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    First my question. I've got about 4 hours on my blades since they were sharpened and I noticed today that my right outside edge is completely gone, there is no sharpness to it at all. Not a fun thing to discover in the midst of a turn. The inside edge isn't much better. My left skate still feels sharp. Is it possible to have one skate sharpening wear out so much quicker than the other or was it a botched sharpening?
    Yes its very possible that you favor one side over the other which causes one blade to dull faster. As you get more experience on your skates this problem should go away.


    And now, the reason for my confusion. I was at Hockey Giant and the guy there recommended a 3/8" sharpening because of my small size. Now, after reading this thread, it seems that I should've gone for a 1/2" sharpening to compensate for my lack of size and weight on the blade. I don't have a problem generating speed and I'm comfortable turning, so I'm thinking a deeper hollow might be good for me. Is that the correct thinking?
    Hallows are all about personal feel. Shallow hollows more speed and easier stopping. Deeper hollows easier turning and little tougher on the stopping. 1/2 is right in the middle.

    If you are still trying to learn how to hockey stop I would try 5/8 inch hollow.

  8. #18
    Zero to Tutti Frutti AutomaticBzooty's Avatar




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    Quote Originally Posted by Hockey Girl View Post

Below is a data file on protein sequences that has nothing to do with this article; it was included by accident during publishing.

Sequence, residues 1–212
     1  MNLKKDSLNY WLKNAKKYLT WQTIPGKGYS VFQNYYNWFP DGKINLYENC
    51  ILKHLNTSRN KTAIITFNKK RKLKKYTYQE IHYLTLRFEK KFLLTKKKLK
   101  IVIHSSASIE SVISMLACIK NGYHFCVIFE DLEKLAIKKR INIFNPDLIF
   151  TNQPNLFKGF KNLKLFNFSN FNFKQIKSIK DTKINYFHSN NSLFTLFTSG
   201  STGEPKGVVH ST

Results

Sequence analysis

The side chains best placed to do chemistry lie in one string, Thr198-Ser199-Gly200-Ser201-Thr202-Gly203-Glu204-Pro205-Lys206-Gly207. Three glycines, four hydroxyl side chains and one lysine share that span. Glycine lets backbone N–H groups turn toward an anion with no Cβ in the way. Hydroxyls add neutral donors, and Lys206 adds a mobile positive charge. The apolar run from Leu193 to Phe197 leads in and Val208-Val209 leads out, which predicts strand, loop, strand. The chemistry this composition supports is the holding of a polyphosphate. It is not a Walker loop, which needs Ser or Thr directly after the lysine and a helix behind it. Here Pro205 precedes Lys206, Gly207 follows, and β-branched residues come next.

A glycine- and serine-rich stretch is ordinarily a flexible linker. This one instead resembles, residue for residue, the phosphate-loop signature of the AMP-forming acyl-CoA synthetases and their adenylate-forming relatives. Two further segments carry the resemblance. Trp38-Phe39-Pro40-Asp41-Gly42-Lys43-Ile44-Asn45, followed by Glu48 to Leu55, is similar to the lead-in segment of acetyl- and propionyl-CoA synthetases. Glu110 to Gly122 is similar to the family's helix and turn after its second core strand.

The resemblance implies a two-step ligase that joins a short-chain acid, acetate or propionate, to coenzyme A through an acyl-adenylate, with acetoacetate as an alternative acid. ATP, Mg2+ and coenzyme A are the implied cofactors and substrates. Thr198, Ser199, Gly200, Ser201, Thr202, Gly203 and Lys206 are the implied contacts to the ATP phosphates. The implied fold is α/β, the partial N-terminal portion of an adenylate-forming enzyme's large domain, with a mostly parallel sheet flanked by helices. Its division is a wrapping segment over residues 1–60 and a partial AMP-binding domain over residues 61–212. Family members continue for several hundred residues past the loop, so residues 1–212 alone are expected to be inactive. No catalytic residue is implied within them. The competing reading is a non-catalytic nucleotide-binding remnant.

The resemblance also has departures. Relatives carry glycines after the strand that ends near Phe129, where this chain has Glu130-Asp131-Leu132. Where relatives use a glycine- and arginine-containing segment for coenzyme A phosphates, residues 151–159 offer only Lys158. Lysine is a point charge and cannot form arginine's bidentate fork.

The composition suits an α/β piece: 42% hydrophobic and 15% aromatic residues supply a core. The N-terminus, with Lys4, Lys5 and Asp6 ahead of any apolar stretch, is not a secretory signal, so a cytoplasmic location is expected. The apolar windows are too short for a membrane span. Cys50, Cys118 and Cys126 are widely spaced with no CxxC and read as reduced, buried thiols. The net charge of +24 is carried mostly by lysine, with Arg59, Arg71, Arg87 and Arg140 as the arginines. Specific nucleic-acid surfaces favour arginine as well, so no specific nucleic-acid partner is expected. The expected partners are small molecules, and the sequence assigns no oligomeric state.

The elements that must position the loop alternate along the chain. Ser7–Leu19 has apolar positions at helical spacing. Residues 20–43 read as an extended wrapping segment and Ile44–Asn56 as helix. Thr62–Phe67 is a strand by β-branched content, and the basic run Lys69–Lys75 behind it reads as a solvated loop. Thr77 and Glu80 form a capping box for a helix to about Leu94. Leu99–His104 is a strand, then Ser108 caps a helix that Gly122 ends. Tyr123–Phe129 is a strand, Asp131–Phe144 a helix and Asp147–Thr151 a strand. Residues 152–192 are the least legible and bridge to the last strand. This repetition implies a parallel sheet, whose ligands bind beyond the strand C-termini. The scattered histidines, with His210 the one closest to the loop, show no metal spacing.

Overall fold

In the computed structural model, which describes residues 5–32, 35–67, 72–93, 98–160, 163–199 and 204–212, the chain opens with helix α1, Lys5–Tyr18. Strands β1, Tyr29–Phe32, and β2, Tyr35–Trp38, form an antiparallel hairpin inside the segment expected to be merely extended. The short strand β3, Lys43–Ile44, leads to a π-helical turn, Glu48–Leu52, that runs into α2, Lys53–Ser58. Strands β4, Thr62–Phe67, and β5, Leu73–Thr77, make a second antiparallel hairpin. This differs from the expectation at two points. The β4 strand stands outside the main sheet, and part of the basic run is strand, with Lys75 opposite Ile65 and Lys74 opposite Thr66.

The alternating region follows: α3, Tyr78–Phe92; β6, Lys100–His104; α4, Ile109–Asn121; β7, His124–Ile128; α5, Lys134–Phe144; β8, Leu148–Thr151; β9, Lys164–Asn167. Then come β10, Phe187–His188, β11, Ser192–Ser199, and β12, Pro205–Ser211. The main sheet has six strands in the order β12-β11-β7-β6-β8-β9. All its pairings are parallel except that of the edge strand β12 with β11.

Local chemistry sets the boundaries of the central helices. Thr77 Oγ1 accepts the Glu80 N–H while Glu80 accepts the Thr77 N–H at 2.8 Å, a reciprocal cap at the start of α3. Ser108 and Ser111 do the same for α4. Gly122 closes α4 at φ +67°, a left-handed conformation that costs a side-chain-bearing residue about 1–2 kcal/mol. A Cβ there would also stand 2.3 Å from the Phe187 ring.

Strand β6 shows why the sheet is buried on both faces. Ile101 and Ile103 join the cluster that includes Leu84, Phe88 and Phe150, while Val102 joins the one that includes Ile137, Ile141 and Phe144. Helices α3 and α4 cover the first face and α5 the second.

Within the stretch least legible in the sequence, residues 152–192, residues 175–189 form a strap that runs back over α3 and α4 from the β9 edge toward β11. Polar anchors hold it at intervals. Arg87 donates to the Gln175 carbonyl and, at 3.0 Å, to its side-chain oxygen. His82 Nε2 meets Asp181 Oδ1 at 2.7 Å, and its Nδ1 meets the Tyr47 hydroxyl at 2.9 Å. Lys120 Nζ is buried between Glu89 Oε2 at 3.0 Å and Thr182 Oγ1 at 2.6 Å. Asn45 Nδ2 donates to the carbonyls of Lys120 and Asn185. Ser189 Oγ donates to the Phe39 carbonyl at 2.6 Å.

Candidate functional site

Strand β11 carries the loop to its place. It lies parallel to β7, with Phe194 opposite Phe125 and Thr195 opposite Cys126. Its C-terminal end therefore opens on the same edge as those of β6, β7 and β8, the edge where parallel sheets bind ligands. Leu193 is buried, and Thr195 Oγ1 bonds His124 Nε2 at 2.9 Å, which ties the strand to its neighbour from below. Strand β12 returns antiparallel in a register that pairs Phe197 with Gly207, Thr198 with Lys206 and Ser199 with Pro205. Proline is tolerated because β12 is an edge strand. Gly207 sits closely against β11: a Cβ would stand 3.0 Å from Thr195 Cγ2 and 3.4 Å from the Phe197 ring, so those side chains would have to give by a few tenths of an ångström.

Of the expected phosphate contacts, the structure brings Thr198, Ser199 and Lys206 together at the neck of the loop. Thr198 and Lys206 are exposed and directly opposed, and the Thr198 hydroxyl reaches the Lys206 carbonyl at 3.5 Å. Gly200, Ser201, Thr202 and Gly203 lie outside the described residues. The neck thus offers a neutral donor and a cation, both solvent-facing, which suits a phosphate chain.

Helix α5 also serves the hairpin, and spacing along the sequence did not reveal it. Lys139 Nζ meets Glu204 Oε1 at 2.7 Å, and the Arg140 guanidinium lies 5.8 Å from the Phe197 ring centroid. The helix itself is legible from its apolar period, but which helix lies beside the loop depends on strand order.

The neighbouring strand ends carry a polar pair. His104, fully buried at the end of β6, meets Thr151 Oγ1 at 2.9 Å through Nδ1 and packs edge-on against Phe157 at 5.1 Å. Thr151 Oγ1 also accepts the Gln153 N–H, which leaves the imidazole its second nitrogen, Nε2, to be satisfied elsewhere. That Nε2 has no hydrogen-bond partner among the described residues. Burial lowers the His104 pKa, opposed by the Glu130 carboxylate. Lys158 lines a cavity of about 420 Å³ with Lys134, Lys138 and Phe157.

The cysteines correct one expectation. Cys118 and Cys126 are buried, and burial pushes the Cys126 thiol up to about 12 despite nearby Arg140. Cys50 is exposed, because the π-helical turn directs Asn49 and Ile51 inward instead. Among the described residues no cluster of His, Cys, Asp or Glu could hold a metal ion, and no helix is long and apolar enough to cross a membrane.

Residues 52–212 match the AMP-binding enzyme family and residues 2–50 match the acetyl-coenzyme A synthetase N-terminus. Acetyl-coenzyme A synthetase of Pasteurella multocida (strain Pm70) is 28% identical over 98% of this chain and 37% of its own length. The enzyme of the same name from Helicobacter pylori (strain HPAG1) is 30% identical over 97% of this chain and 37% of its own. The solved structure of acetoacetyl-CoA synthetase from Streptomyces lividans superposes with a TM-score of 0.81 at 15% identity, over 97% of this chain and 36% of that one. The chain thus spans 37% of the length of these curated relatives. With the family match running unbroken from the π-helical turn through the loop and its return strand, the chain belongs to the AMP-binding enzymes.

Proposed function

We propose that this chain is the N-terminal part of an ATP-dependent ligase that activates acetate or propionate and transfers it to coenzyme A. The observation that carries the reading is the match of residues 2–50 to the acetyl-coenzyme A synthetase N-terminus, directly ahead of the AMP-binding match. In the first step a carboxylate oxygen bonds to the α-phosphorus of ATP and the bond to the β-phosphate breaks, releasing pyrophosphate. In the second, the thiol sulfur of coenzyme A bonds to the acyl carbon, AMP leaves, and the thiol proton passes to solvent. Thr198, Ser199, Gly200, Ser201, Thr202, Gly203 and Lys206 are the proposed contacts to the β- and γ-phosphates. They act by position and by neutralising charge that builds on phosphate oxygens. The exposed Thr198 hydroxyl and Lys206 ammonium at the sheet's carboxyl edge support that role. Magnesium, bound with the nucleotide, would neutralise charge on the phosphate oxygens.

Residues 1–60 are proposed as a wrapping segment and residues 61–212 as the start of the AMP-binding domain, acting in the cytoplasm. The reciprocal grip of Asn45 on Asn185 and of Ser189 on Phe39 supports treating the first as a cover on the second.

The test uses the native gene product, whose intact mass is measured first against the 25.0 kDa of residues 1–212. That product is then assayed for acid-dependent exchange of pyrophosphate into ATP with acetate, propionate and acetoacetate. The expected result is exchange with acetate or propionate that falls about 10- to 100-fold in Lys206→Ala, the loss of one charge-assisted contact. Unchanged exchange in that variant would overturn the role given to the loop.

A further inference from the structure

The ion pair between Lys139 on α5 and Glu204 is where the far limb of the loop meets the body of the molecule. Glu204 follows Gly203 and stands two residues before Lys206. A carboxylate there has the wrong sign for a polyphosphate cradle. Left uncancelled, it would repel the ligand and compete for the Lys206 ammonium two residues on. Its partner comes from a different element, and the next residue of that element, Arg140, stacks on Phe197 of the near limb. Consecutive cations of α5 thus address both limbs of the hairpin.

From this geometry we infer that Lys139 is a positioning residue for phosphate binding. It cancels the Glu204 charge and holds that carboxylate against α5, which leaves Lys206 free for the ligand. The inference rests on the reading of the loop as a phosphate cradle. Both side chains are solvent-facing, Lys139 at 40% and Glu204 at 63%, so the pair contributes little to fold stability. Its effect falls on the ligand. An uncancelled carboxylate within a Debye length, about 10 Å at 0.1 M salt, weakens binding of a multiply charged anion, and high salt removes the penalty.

And now, the reason for my confusion. I was at Hockey Giant and the guy there recommended a 3/8" sharpening because of my small size. Now, after reading this thread, it seems that I should've gone for a 1/2" sharpening to compensate for my lack of size and weight on the blade. I don't have a problem generating speed and I'm comfortable turning, so I'm thinking a deeper hollow might be good for me. Is that the correct thinking?
    Actually, being somewhat light myself (5'9", 153 lbs), I have to say that personally I like the deeper hollows a lot better. I use a 3/8", since I've never had any problems stopping, but have always had more problems with acceleration. The deeper hollow lets me dig deeper into the ice, and get a more solid first push. I recently experimented with both 1/2" and 5/8", and I was sliding all over the place, and wasting a lot of energy by not being able to get a good grip on the ice.

    I say try them both out! I spent three weeks in February with a different depth hollow each week.
    Last edited by AutomaticBzooty; May 11th, 2008 at 10:33 PM.

  9. #19
    pkd88
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    I think BobbyO messed up his wording.

    The sharper or deeper hollow allows for more edging. Tighter turns and quick acceleration.

    The less sharp or shallower hollow allows for speed but, without the edges it will take you longer to get there.

    The heavier you are, the less hollow you need.

    There is a balance and comfort you have to discover yourself. If you only play once a week it doesn't matter much.

  10. #20
    x Straight Edge x HULKING WAR MACHINE's Avatar




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    And goalie skates?